How Romania’s Independent Media Woke Up its Readers

Photo of protests in Bucharest courtesy of Marius Stan.

by Adam Tismaneanu

As January came to a close, Romania’s government met late at night on the last day of the month to approve an emergency ordinance that decriminalized cases of official misconduct, or simply put: corruption. In the weeks leading up to this, a few members of the Romanian independent media heard whispers from government sources about the possible law change and tried to inform the public as the government kept quiet before its meeting. Out in front of this story was Dan Tapalaga, an investigative journalist and site editor of one of the most popular online news outlets in Romania, “HotNews,” who warned his fellow citizens weeks in advance of what was to come.

The new law decriminalized government official malpractice cases involving less than 200,000 lei (nearly US$48,000). While that may not seem like a lot of money, it is important to remember that Romania is in one of the European Union’s poorest countries where the average citizen’s salary is only about $6,200 per year. News of this legal change, which would significantly benefit the ruling party, provoked massive protests on a scale that haven’t been seen recently in Romania. This leads some observers to wonder if it represents the first signs of a democratic reawakening in the country.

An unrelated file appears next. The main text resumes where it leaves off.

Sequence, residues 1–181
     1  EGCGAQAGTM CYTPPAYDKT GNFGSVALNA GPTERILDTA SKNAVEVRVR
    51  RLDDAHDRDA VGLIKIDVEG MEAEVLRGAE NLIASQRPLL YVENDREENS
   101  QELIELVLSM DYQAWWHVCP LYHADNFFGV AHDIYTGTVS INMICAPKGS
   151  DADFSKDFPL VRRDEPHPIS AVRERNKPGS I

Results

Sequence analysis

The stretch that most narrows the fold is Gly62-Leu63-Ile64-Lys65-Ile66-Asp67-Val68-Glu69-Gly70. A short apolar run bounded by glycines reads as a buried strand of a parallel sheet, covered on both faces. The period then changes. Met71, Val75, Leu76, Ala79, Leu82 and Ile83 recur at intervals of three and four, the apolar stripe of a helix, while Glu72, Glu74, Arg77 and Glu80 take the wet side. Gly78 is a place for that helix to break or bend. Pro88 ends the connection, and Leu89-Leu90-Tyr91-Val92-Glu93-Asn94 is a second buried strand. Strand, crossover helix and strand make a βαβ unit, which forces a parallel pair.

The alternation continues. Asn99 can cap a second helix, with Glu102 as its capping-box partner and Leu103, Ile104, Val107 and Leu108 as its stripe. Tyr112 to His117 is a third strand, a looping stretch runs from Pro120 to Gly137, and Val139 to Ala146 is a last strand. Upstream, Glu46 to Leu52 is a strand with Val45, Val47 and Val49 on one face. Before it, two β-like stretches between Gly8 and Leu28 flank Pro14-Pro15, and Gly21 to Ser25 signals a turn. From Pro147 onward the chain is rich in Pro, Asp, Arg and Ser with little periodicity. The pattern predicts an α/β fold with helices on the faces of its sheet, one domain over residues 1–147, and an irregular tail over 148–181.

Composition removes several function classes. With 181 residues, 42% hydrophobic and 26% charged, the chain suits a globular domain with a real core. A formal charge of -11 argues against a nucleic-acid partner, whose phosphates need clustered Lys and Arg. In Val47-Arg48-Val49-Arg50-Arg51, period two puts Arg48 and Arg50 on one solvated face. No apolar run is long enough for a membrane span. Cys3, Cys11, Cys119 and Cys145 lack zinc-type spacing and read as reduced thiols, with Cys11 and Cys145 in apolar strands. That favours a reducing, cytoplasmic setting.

Changes to the ordinance directly benefited members of the Social Democratic Party (PSD). The party’s leader, Liviu Dragnea, was convicted of electoral voter fraud in 2015, and others in the party have been convicted of numerous different corruption and abuse of power cases in recent years as Romania attempted to crack down on crime and bribery in the government. In spite of seemingly endemic corruption, the PSD handily won the legislative election at the end of 2016 and installed a proxy, Sorin Grindeanu, as Prime Minister since Dragnea cannot currently serve because of his convictions.

News reports by independent media in the days leading up to the vote on January 31 were what first sparked large protests which quickly grew to include hundreds of thousands as Romanian citizens took the streets of Bucharest in the week following the ordinance announcement.